Menzel Lake Gravel sets record straight Dear Editor,
I would like to respond to Mr. Paul Winter’s comments in his June 24 Letter to the Editor.
There are several hard rock pits in the Granite Falls area, however, Menzel Lake Gravel is one of only a few sand and gravel operations in Granite Falls. Trucks drive on designated truck routes to and through the City of Granite Falls. The gravel pit is located within Snohomish County’s Mineral Resource Overlay and is zoned for this expansion.
Truck traffic is proposed to increase from 40 loads per day to a maximum average of 100 loads per day to accommodate demand peaks. Menzel Lake Gravel has an inter-local agreement with Granite Falls where we pay per ton for material leaving the pit and per yard of material coming into the pit through the City.
The current mining operations occupy 55 acres. The application submitted to the County (file number: 08-110459-LU) proposed expanding operations into 126 acres with an additional 157 acres protected in a separate Critical Areas Protection Area Tract. After hearing citizen’s comments and concerns at our public meeting we are now eliminating 37 acres adjacent to Menzel Lake Road, resulting in a 92 acre expansion.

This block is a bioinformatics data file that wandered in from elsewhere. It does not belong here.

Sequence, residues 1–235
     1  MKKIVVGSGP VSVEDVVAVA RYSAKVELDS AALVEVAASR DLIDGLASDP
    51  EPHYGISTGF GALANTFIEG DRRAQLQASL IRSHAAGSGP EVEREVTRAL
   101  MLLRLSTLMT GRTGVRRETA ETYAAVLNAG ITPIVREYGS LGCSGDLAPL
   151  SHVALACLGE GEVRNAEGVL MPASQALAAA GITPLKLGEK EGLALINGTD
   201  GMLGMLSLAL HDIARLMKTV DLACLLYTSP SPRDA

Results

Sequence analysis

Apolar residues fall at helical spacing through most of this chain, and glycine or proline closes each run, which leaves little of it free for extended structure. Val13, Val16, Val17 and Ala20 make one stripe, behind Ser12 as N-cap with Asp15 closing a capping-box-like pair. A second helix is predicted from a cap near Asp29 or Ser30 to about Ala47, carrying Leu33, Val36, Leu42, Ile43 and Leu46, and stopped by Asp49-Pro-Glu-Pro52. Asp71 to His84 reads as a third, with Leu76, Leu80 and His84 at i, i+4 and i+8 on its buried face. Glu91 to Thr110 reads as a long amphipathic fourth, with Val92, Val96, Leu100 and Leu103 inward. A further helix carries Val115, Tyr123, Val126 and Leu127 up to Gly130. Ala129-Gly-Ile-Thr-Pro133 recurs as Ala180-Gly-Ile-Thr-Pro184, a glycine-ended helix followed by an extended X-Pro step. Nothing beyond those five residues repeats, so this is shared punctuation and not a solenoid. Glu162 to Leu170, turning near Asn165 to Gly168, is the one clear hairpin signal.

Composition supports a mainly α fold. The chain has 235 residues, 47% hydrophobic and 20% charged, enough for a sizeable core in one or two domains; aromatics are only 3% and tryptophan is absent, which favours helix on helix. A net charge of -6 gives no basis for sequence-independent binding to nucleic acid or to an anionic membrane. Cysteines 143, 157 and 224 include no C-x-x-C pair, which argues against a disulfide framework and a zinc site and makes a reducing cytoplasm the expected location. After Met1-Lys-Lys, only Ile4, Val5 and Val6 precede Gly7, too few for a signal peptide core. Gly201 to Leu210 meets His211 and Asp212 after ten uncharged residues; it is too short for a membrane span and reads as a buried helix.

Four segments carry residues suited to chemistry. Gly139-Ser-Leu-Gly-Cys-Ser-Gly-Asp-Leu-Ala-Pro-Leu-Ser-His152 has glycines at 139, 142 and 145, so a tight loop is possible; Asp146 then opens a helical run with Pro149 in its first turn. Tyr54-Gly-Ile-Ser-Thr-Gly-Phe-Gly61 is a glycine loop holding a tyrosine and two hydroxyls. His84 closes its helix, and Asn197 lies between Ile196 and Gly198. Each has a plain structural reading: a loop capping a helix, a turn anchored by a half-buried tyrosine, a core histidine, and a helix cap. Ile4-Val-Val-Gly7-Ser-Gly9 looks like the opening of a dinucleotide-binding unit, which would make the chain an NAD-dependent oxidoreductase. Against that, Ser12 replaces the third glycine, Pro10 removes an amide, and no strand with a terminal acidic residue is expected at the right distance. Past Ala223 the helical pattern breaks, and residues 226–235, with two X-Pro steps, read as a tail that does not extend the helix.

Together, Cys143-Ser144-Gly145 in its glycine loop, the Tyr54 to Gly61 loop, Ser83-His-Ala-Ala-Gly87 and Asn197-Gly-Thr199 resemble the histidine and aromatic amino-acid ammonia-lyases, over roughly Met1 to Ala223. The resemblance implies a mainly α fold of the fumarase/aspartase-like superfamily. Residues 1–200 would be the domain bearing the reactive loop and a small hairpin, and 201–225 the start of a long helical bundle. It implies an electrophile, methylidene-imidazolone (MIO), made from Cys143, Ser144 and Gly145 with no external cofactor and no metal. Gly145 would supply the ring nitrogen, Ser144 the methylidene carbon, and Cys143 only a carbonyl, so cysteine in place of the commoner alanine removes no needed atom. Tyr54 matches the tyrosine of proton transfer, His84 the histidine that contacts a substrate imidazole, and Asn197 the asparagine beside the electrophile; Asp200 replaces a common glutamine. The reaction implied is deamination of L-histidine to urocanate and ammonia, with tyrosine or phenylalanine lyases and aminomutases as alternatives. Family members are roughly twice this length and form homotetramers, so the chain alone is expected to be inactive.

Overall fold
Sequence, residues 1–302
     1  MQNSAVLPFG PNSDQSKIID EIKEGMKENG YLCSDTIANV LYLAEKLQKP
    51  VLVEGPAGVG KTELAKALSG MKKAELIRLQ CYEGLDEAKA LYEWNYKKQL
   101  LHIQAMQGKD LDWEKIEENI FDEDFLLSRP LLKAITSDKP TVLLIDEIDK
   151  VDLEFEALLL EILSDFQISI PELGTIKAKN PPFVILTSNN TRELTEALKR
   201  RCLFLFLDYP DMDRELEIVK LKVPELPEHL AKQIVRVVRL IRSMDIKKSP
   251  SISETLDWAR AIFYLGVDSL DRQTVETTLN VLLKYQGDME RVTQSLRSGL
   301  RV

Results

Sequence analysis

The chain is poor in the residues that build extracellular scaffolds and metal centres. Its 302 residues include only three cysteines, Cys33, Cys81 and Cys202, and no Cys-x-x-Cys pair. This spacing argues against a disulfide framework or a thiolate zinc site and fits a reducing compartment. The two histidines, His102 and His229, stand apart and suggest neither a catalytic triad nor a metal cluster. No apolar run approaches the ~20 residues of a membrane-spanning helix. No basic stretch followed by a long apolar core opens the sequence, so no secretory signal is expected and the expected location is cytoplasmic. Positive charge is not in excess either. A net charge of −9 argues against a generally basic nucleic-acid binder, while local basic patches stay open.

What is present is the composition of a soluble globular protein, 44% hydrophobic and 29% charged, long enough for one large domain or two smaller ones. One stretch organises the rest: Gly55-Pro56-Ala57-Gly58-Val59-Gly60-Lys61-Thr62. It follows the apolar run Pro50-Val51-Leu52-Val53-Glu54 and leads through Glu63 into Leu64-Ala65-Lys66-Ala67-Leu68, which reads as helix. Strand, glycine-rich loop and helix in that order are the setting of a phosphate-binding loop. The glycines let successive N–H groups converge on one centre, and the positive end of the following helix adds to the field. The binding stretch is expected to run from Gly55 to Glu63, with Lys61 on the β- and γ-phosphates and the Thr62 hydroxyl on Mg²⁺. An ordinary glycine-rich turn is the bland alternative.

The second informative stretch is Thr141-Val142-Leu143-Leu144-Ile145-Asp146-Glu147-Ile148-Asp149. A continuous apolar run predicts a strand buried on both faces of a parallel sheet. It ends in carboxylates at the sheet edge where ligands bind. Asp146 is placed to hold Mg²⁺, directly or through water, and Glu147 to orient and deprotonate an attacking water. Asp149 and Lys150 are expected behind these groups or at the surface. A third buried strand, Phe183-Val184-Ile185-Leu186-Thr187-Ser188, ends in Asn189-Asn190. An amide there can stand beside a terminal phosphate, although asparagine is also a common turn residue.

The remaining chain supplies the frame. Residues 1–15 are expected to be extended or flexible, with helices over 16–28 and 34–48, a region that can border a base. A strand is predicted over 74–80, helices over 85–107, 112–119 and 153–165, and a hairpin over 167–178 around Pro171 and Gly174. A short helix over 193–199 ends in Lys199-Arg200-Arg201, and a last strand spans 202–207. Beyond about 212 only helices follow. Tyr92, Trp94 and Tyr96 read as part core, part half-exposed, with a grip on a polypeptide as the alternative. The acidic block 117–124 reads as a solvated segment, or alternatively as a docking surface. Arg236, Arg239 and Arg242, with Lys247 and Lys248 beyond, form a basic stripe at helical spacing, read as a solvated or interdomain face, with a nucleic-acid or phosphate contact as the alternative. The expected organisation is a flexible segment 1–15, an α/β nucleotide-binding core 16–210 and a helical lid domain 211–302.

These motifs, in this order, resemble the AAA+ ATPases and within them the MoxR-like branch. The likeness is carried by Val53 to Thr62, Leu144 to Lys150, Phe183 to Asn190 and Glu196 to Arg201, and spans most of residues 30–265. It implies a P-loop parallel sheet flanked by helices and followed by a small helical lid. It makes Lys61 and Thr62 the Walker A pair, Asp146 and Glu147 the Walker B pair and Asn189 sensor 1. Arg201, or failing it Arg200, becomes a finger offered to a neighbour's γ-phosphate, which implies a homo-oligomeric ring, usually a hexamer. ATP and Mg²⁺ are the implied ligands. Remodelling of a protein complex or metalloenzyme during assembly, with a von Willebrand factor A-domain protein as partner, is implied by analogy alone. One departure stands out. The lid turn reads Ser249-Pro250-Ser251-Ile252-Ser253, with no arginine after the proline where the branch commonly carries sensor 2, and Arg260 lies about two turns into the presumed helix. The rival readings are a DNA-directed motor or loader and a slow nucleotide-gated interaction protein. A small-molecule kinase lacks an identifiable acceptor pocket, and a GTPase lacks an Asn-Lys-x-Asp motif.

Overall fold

At the pre-application meeting with Snohomish County, we learned that in order to build ball fields we would need a separate Conditional Use Permit to determine the impacts of the ball fields on the community and environment. This is not feasible. The new reclamation plan is to plant trees to produce renewable resources, provide fish and wildlife habitat and sequester carbon.
We agree with freedom of speech, but Mr. Winter’s First Amendment Rights do not give him the right to distort facts about our project. Mr. Winter was invited to and should have attended our public meeting on June 4 to discuss the issues face- to-face instead of spreading rumors and distorting facts behind our backs. Rob Hild Granite Falls
In response to Michael Kundu’s letter in the July 1 issue of the Journal.
Perhaps in my previous letter to the editor I had chosen the wrong words. The provisions in our state constitution are laws, not mandates. There are five sections in Article IX (Education): Sect. 1 is the preamble: “It is the paramount duty of the state…” etc. A preamble is an introduction, as a law, that states the purpose or reason for the matters that follow. The five sections provide that there be no discrimination, that funding come from a state fund provided by private donations and bequests from individuals and from taxation. That all public schools maintained or supported by public funds remain free from religious influence or control, and the state’s responsibility in the occurrence of a loss of permanent funding.
I am concerned that Mr. Kundu blames our legislators for what he calls “the failure to live up to that mandate for close to two decades.” It has always been private funds and taxes that have supported our public education system. The responsibility for any failure belongs to the voters. Next time a school levy vote comes up, citizens should consider very carefully before they vote ‘No’.